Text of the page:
I’ll add bulk There is a common belief that weight training makes women bulk up on muscle and look masculine. This would be true if you were lifting heavy weights, eating a high protein diet, using growth hormones, plus training several hours a day! It actually takes a lot of effort (not to mention time and money) for women to put on bulk. Adding bulk is much more likely to happen for a woman who is into bodybuilding as a sport, where muscle mass is their goal.
The average female is more likely to tone and define her muscles when using weights. The muscles will increase in mass slightly, but since females have one tenth the testosterone males have, they’ll never achieve a bulky look unless they work really hard at getting it.
Muscle weighs more Another myth regarding muscle mass is that muscle weighs more than fat. Each time I hear this, I cringe. Not only is it a negative comparison to fat, it’s simply not true. How can one kilogram of fat weigh less than one kilogram of muscle? Muscle is more dense than fat, therefore one gram of muscle will take up less space than one gram of fat. This is a bit like comparing a tonne of feathers and a tonne of lead, feathers would certainly need more space.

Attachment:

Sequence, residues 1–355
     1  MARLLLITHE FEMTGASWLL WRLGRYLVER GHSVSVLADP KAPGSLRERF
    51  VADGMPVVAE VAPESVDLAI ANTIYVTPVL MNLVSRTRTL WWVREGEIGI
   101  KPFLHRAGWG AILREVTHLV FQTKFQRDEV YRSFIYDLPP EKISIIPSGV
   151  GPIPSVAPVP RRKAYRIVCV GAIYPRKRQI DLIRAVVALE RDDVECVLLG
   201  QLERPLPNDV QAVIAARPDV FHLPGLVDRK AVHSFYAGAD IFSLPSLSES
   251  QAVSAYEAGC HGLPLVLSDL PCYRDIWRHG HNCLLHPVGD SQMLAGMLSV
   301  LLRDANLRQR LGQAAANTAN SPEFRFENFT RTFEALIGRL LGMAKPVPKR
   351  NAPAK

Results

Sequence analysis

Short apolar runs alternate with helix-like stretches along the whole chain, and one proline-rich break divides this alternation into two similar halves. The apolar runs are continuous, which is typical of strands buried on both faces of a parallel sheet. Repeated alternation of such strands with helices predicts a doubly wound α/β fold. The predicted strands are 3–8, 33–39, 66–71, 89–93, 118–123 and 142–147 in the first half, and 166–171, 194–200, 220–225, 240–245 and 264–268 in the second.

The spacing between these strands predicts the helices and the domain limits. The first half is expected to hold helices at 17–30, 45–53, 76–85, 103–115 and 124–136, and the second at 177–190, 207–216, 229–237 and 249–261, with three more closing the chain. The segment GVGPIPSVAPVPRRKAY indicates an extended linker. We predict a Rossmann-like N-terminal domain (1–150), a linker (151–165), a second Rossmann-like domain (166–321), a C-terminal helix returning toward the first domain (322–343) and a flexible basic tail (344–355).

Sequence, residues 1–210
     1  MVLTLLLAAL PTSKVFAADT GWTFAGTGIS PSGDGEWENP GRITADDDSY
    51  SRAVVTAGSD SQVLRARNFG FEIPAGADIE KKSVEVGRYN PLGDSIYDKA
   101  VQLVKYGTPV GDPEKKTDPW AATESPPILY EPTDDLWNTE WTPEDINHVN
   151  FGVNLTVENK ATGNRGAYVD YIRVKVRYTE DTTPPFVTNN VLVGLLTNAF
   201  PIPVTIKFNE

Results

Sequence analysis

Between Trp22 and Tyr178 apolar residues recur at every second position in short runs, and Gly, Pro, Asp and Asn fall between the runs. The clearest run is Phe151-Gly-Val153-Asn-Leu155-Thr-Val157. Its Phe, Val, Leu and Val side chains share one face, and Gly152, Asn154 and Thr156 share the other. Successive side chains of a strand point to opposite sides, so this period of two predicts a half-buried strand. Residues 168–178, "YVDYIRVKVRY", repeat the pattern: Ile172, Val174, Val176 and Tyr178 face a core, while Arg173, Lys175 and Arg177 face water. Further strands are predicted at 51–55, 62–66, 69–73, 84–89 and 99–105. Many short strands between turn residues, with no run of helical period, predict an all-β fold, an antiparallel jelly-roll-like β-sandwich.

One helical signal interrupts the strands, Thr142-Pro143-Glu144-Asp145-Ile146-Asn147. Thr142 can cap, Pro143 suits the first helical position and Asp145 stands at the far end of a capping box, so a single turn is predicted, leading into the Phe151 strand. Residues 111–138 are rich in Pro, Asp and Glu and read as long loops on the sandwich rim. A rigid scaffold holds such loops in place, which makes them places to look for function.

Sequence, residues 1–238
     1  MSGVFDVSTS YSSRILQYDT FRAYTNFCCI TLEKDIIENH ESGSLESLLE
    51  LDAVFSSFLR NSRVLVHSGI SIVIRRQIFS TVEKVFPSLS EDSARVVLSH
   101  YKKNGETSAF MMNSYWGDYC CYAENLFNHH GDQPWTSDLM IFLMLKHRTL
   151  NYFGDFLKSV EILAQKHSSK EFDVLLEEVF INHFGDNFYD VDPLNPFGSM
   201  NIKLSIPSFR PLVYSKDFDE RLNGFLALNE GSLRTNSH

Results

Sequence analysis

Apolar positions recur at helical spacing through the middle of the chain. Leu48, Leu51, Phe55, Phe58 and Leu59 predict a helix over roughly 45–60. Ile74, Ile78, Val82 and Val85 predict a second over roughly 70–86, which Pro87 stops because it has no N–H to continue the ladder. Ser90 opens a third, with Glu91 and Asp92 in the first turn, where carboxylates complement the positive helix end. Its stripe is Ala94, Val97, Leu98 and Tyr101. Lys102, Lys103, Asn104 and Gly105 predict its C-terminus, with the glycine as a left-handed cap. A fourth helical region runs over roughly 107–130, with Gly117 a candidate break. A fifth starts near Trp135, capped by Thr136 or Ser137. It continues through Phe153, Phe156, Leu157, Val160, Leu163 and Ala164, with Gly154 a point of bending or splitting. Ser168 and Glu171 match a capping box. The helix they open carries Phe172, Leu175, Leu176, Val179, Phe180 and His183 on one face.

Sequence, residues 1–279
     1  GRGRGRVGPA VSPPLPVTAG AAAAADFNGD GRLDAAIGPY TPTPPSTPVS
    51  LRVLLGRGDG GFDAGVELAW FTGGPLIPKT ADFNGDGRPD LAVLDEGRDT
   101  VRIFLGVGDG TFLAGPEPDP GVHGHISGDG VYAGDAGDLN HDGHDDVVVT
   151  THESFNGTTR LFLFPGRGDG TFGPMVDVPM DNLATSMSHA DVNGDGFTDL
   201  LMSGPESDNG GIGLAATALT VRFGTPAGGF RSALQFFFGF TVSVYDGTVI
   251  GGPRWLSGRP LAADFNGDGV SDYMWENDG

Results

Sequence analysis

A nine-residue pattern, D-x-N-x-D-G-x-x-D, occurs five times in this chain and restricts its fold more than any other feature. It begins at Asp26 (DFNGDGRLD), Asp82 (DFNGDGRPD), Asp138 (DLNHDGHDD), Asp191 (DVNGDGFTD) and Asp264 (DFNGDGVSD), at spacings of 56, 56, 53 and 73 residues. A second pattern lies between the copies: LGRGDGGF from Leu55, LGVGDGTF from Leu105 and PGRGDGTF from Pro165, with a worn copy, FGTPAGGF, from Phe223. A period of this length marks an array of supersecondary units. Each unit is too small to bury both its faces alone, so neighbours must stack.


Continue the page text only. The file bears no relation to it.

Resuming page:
When you begin weight training, you may notice that you weigh more according to the scales. On the other hand, your jeans will feel looser, because muscles are denser and need less room. Instead of the scales, use the fit of your clothes as a guide.
Fat converts to muscle If our bodies were so remarkable that they could convert fat to muscle, they would also be able to convert a kidney to a heart after a heart attack. Your body’s cells are highly specialised – once a fat cell, always a fat cell. Likewise, muscle fibre will always be muscle fibre; there’s no miracle transformation to turn it into fat.
Once you begin weight training, particularly if you include aerobic exercise, you’ll lose fat and at the same time, develop muscles. You could almost be excused for thinking that the now missing fat has been converted to the now present muscle. But in truth, the muscle was always there, it just hadn’t surfaced, because it wasn’t being used.